The Canadian Space Agency will collaborate with the Chinese Academy of Sciences and The European Space Agency on a new science project known under the name of Solar-wind-Magnetosphere-Ionosphere Link Explorer (or SMILE).
The unified project will allow the three agencies to observe and learn more about the interactions between Earth’s magnetosphere and solar winds. The announcement marks a new stage for the initiative, as four years were needed for initial preparations, including a small-scale study which took place in 2015.
The addition of the Canadian Space Agency to the mission may come as a surprise for some. At first, NASA was the third partner besides the ESA and CSA. However, the American government issued a law which forbids bilateral cooperation between the USA and China, forcing the American space agency to relinquish its spot. In this context, Canada decided to offer its support and became a contributor to the project.
Canadian Space Agency Involved In New Scientific Project To Study Solar Winds
The SMILE initiative will send a specialized satellite into space. The spacecraft will observe and report space weather events and their impact on our planet while following an orbit at 125,000 kilometers above Earth.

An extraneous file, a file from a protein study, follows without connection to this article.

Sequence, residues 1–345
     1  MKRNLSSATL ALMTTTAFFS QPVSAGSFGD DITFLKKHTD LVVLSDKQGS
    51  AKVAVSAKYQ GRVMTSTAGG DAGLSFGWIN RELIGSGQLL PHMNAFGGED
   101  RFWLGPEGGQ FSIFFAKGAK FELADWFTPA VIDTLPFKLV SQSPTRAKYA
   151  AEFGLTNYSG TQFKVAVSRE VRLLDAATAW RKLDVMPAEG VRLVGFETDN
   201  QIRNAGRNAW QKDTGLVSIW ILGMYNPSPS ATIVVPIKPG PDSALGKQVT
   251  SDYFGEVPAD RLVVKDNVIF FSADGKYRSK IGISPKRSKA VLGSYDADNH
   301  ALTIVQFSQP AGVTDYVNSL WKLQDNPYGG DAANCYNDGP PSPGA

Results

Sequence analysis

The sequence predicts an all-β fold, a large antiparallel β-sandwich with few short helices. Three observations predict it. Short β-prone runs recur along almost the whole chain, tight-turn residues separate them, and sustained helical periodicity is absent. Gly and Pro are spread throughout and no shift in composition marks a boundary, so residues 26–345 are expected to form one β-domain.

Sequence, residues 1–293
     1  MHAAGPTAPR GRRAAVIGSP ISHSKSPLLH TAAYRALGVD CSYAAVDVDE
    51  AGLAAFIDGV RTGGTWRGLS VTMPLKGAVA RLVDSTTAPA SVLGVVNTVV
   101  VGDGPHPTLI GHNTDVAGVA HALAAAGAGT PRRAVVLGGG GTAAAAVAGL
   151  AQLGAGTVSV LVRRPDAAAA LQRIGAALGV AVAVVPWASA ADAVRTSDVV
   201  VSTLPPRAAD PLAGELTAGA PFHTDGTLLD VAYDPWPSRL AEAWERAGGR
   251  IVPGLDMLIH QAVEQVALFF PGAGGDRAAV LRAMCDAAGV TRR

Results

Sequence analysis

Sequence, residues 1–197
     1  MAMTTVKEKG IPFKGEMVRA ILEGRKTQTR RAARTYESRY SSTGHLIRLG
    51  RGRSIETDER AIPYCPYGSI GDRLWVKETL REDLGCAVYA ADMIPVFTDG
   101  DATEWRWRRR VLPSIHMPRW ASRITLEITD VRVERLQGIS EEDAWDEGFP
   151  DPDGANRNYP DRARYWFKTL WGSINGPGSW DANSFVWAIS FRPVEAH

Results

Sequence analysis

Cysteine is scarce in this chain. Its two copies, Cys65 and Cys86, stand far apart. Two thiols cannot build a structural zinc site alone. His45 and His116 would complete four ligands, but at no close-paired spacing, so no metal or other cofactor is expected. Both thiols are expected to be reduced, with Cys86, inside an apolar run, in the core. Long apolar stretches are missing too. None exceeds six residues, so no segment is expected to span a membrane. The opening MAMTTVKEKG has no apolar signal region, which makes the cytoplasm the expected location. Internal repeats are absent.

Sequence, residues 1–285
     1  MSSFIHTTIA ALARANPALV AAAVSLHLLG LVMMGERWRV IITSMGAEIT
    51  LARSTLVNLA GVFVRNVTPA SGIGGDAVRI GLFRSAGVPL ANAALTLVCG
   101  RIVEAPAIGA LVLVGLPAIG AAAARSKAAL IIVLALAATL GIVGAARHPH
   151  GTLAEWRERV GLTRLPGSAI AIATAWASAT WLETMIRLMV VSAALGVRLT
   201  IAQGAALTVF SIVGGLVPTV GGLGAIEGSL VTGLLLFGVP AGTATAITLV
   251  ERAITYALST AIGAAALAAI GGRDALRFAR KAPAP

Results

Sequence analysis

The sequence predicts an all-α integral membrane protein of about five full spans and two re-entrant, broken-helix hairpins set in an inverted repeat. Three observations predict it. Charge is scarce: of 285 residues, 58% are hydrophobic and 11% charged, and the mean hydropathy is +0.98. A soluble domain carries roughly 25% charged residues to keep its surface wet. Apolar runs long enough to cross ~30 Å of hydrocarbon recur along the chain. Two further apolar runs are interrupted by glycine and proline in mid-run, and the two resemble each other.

The CSA has stated that space weather can alter the performance of vital technologies and services which are present in space and on Earth, a feat which can lead to significant economic impacts. It is already well-known that intense space weather effects can alter or disrupt the functionality of satellite GPS systems, radio communications, power grids, and satellites. In some cases, it can mingle even with trans-polar air travel.
By exploring space weather manifestations, the researchers will be able to understand better and even limit some of the negative consequences. Canada will play an essential role since it is the country with the largest surface under the aurora borealis, which is known to be one of the most visible space weather events. A selection of tools mounted on the satellite will allow it to take valuable measurements which can be sent to Earth. Further information will be shared in the future.